In the 6steps of Elliot Cohen’s Logic-Based Therapy (LBT), the fifth step is “find an Uplifting Philosophy that promotes the Guiding Virtue”. I will introduce “Pascal’s wager” as a clinical case that can be used as a philosophical antidote at this stage. The Christian counselee was suffering from mental problems with the doctrine of ‘limited salvation’ that is, “non-Christian going to hell” because of the death of her husband, who was a non-Christian. For those who suffer from this problem, Catholic theology claims to be overcome by “purgatory” doctrine, while Moltmann theology claims to be overcome by universal salvation. However, the counselee did not accept purgatory doctrine and universal salvation theory because of differences in beliefs. In this regard, I thought it was appropriate to apply the “Pascal’s wager” of Pensées is a way not only to keep the counselee’s beliefs but also to reduce mental pain. I just helped her by applying Pascal’s wager, a kind of decision theory. I changed this wager argument into dividing it into a case of maintaining and giving up religious beliefs, respectively. Accordingly, I led her to explore the highest likelihood that her husband’s hope for salvation would be fulfilled. Since the four options made up in this wager argument were structured through her acceptable religious presuppositions, she also readily accepted this argument. This is useful because Pascal’s wager can be used to induce an intuitive response to the counselee without having to explain complicated and difficult doctrines. Indeed, the counselee was able to gain comfort from Pascal’s wager argument.

Seoyeon Hur (South Korea) – PhD student at Kangwon National University

Unconsciousness in Freud and Unauthenticity in Heidegger (Presentation)

In this presentation, I aim to show the unconsciousness in Freud can be understood as the Unauthenticity in Heidegger. Unconsciousness is a key concept in Freud’s early thought and is considered a source of psychopathic phenomena. But Swiss psychiatrist Boss criticizes Freud’s concept of unconsciousness as a limit to natural-scientific thinking separating subject and object. My attempt to understand the unconsciousness based on Heidegger’s philosophy will open hopefully the way for the widespread use of Heidegger’s concept of Unauthenticity in philosophical counseling. The discussion proceeds in four steps as follows. 1) Freud’s psychoanalysis presupposes the concept of truth as unconcealedness. In other words, human beings are not the union of the isolated mind and body as in natural science but the Dasein, who is disclosed to the world and gives meaning to other beings. 2) Freud’s meaning is not related to causality, but to the temporality of Dasein. Because the ‘understanding’, through that the Dasein thrown by the past throws itself on the future possibilities, is the ‘giving-meaning’. 3) Understanding of Dasein also indicates the freedom of the Dasein. For the Dasein is always freely present as a possibility. Here the concepts of authenticity and unauthenticity are explained as the possibilities of Dasein. 4) Freud’s language is not any symbol attached to meaning. It is a way of unconcealing a concealed being in oblivion or suppression. The debate eventually converges on the unconcealedness and concealdeness, the authenticity and unauthenticity of the Dasein. It will be revealed here that Freud’s unconsciousness concept can be explained by Heidegger’s unauthenticity concept.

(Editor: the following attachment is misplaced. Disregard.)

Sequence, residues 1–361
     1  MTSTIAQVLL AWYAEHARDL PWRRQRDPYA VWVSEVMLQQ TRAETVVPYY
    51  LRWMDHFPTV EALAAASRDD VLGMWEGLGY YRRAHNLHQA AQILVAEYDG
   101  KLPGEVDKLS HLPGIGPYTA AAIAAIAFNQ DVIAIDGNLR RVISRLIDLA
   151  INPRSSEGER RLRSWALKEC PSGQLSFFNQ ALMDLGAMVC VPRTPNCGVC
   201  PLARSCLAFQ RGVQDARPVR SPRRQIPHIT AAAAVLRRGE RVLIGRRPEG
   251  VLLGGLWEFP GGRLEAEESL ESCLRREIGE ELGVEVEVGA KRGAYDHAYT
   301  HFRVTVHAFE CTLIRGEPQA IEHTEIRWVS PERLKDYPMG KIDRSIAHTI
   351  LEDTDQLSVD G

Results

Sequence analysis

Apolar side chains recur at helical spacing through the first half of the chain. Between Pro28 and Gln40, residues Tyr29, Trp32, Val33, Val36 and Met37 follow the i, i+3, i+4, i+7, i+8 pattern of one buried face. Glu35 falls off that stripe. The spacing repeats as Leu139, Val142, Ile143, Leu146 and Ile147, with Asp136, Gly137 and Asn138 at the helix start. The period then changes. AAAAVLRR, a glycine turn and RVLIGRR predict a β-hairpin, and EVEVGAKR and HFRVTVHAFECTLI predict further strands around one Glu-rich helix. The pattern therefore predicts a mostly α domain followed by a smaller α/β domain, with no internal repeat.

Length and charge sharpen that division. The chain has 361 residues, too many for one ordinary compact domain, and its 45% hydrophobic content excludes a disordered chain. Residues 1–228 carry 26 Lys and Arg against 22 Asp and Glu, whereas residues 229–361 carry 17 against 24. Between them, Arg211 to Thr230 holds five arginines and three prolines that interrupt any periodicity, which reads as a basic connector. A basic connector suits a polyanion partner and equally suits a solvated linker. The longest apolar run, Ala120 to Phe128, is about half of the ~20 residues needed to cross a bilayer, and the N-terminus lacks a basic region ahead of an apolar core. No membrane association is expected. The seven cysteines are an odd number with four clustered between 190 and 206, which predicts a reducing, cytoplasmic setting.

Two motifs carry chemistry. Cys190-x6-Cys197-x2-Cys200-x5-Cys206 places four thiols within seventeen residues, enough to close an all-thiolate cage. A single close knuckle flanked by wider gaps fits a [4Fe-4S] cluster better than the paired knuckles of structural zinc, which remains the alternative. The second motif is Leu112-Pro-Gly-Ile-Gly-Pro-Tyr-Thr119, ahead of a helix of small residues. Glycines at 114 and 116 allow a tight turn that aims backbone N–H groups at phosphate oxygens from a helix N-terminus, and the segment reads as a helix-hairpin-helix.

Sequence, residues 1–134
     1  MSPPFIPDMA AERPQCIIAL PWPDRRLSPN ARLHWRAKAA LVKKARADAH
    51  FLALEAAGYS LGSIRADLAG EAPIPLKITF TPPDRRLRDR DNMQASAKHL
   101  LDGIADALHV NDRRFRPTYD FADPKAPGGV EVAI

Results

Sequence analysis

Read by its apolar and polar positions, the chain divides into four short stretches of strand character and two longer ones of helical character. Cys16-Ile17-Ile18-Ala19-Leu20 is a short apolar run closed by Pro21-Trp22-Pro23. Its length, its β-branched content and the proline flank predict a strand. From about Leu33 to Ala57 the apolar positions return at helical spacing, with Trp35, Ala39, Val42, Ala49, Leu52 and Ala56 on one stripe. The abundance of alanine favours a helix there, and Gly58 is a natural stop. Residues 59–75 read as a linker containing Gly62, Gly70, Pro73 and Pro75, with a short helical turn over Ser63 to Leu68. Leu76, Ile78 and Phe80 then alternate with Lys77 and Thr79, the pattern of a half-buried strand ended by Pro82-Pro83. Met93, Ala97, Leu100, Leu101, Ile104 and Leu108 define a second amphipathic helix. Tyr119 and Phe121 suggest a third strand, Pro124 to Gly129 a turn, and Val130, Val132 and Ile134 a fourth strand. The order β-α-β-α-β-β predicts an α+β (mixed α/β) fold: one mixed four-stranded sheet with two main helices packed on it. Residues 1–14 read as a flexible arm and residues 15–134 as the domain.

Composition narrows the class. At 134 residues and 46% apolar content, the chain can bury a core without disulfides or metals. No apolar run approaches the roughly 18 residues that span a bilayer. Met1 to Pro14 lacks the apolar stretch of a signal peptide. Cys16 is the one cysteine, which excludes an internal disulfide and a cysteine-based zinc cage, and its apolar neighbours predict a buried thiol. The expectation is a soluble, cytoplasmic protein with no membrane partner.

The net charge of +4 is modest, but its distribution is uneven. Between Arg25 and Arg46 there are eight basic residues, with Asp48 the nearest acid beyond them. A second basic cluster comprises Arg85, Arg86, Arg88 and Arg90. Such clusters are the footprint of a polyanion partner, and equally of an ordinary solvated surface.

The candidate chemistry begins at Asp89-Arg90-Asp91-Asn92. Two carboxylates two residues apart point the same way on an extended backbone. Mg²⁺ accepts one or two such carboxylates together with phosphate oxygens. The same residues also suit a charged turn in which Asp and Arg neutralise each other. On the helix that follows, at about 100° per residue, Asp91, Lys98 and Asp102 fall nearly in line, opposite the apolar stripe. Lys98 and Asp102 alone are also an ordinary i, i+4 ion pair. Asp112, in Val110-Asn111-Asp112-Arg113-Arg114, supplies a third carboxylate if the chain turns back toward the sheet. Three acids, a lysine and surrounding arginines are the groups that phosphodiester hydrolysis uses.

Sun-Hye Kim (South Korea) – PhD, Doctor of Philosophy, Free University Berlin (Germany), Professor in Department of Philosophy of Kangwon National University, Supervisor for Philosophical Counseling of Korean Society of Philosophical Practice, Director of Korean Nietzsche-Society.

Nietzsche’s the Self as a creative Midwife and ‘Self-Praxis’ (Presentation)

This presentation seeks to take note of the human concept based on reason and body as the new subject of philosophy practice in order to expand the rational-centered subject of philosophy practice. To this end, I would like to present the concept of ‘the self’ (das Selbst) that penetrates the human concepts of Nietzsche philosophy such as body, Dionysus, Overman, Zarathustra, etc. The extent to which the two pillars of philosophical practice, the philosophical midwife and the philosophical mother, are expanded is correlated with the extent to which philosophical practice. Therefore, research on extended human beings is needed to extend philosophical practice beyond critical and understanding dimensions to productive and creative dimensions. This presentation presents a philosophical midwifery that promotes this extended human. In particular, I would like to introduce a case of self-praxis, which applies the concept of the self to philosophical practice, which can help the philosophical mother expand herself.

Tea Radovic (Serbia) – Bachelor of Psychology, Master studies of human resources, psychosocial consultant, entrepreneur.

Superposition and Entanglement of Quantum Personality (Interactive presentation in the TED style)